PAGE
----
Chancellor optimistic about end of Brexit transition but fails to rule out chaos in the New Year

Watch the full interview with Chancellor Rishi Sunak

On Thursday morning we learned that UK gross domestic product (GDP) grew by 1.1% in September, leaving the economy 9.7% smaller than it was at the beginning of the year.

The scale of the collapse in activity this year has been extraordinary. Despite a record-breaking bounce-back in the summer, the UK remains deep in recession. 

England is in Covid lockdown, the economy is expected to shrink further in the run up to Christmas and if the government is unable to agree a trade deal with the EU in the coming weeks then it won’t be a very happy new year.

There are 49 days to go until the end of Brexit transition and, astonishingly, businesses still don’t know what the new trading rules will be.

The chancellor says negotiators are still “hard at work” but that a trade agreement may not be possible.

The Bank of England estimates that around one in three businesses in the UK aren’t ready for our imminent departure from the Single Market and the EU Customs Union on 31 December.

The Bank believes disruption at the border is inevitable, deal or no deal, and that economic growth will be damaged as a result. It calculates that there will be a hit to GDP of around 1% in the first six months of 2021, even if a trade deal is secured. 

On Thursday morning the chancellor ruled out giving businesses more time to prepare themselves by extending the transition period.

“I think what people need is certainty and clarity - and it's because of those perennial extensions we had in the past that hampered preparedness,” Rishi Sunak told ITV News.

“I'm confident and comfortable that that work [to prepare businesses] has been going on for now many months and we will be in a good place.”

Companies complain about a lack of detail about customs checks, labelling requirements, changes to regulations and standards, as well as whether they will have to contend with tariffs and quotas.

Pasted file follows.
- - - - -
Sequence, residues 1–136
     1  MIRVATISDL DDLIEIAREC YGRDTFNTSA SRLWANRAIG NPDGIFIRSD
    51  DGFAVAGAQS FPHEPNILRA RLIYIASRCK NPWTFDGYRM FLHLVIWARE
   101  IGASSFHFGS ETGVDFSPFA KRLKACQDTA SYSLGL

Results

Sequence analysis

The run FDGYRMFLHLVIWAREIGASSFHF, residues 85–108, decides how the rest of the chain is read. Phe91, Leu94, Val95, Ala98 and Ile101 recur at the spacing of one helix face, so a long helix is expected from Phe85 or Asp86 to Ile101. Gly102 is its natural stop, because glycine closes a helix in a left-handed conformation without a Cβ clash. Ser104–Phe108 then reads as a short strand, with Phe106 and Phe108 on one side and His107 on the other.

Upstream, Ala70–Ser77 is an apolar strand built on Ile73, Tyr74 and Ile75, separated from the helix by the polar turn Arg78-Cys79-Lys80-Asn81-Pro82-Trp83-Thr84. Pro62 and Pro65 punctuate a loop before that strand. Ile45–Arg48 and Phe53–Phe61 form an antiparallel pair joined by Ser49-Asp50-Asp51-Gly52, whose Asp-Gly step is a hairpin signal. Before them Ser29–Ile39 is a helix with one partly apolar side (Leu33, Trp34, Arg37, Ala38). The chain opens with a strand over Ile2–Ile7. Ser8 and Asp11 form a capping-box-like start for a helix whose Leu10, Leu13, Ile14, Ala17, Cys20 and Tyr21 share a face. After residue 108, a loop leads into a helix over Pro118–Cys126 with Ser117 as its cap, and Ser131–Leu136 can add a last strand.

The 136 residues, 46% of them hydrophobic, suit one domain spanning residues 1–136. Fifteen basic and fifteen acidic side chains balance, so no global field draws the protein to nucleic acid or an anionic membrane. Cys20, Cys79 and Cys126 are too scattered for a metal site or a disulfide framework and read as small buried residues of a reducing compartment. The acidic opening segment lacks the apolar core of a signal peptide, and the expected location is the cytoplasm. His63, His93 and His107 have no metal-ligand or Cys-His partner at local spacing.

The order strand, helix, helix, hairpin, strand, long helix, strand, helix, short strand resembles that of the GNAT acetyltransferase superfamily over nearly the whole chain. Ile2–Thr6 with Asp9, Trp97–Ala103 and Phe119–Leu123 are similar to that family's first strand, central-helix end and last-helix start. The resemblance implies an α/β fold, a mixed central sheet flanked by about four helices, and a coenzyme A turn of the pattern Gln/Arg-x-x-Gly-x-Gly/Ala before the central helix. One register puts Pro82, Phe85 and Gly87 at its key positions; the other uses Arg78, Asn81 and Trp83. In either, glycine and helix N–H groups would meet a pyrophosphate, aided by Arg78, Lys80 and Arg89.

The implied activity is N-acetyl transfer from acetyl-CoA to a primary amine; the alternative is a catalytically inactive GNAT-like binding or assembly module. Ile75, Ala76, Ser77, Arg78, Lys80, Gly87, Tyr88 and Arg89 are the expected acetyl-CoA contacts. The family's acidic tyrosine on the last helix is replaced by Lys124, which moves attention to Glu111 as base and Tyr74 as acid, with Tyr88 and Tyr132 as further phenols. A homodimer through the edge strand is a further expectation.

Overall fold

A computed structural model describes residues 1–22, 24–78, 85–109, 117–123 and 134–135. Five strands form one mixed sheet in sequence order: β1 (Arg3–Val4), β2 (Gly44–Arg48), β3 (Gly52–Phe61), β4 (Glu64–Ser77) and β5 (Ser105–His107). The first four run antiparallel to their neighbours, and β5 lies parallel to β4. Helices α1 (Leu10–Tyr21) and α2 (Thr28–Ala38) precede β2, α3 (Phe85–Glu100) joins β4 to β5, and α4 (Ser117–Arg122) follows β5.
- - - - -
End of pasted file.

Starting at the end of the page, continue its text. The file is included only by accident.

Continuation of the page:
They express concern about how the Northern Ireland Protocol will be implemented and what impact it will have on the people of Northern Ireland.

Tate & Lyle Sugars, which backed the Brexit campaign, recently told its customers in Northern Ireland that it will struggle to supply them from 1st January (LINK)

In the past week, Sainsbury’s has warned it may have to reduce the number of products it sells in Northern Ireland.

Boarded up bars in Soho, London, during the four week national lockdown for England Credit: Yui Mok/PA

Marks and Spencer says it foresees problems getting food into the country and that prices may rise.“There are going to be changes in our trading procedures. And it's right that businesses get ready for those. And we're providing a lot of support to help them do that,” Rishi Sunak insistedI asked the chancellor to rule out the possibility of chaos when transition comes to end. He didn’t.

Rishi Sunak did defend the government’s handling of the coronavirus pandemic.

He denied it was a mistake to introduce a national lockdown in England, six weeks after government scientists advised one was necessary.

Rishi Sunak insists it was “entirely appropriate” to wait until 5th November to establish if local restrictions had worked.The chancellor didn’t say if he thought the economic damage will be greater or the death rate higher as a consequence of not have enforced a lockdown earlier.

Rishi Sunak also explained his decision to extend the furlough scheme, which he had insisted should end in October.

On 24 September, Sunak announced a Winter Economy Plan.

He said the furlough scheme needed to be phased out because it was keeping some people in jobs that weren’t viable.

Five weeks later he changed his mind and extended the scheme until December.

Five days later he extended it again until March.

The chancellor said the big change in strategy was “absolutely appropriate” given that the UK is “dealing with a health crisis, the likes of which we haven't havn’t seen before.”

He added that it was “hard to say” how many of the 2 million jobs which were furloughed when the scheme was extended would still be viable when this crisis ends.

Recessions hit the poorest in society hardest and this one is no different.

I asked the chancellor if he would commit to protecting those on low pay from tax rises and spending cuts when he begins the job of repairing the public finances.

He suggested (but didn’t say) that he would.

“I can't comment on future budgets,” Sunak said “but I think people can judge us on our track record thus far, which shows that those on the lowest incomes have seen the most support and protection.” 

  • Video report by ITV News Business and Economics Editor Joel Hills